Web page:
• What does the ITRC do? We help victims, consumers, legislators, media, governmental agencies and law enforcement understand about identity theft and related issues. In addition, the ITRC strives to keep the flow of information going between these groups.
  • Why isn’t anyone doing anything more about this? This is a complex crime and there isn't just ONE answer. Many working groups and task forces are working on establishing best practices guidelines for use industry wide. This effort is represented in the FTC’s Red Flag requirements for Financial Institutions and Creditors. http://www.ftc.gov/bcp/edu/microsites/redflagsrule/faqs.shtm In addition, there are more and more victim advocacy groups recognizing the need to greater assistance victims of this crime. Law enforcement is also becoming increasingly responsive to victims of this crime however, due to budget limitations, some law enforcement agencies may not be as responsive to white collar crime as they are to violent crime (an understandable position in terms of public safety).
  • Does the Internet add to the problem of identity theft? It is safe to use the Internet assuming you understand how to use it wisely. The internet is a tool used by thieves but we’ve never met a computer that stole one's identity. Read about this in our Consumer and Victim Resource guides.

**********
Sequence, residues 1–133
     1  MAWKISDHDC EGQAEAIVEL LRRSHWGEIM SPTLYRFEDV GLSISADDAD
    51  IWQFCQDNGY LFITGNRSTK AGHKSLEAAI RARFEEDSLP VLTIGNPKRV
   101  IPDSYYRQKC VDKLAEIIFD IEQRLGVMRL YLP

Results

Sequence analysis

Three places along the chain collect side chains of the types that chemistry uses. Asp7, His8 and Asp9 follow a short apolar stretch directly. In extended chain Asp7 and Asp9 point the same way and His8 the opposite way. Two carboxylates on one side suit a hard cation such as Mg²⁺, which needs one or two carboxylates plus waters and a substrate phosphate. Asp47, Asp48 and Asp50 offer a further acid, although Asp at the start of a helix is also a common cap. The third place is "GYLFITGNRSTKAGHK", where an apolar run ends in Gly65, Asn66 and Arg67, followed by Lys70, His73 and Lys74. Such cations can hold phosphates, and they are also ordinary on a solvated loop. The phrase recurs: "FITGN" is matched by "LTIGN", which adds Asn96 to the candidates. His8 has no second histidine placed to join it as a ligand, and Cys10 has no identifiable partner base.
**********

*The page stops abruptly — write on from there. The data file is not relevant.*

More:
• May I quote your information or use your logo for my paper? No one is given permission to use our logo. As to information, not without asking permission in writing. Please email us at [email protected] and state the specific purpose. We highly recommend reading the material and then rewriting it in your own words.

We recommend the following resource sites for information about privacy and identity theft:

  • www.idtheftcenter.org
    This web site contains information on prevention tips, statistics and what to do if you are a victim. You will also find information on legislation and a complete reference library.

Other sites you may find helpful:

  • www.privacyrights.org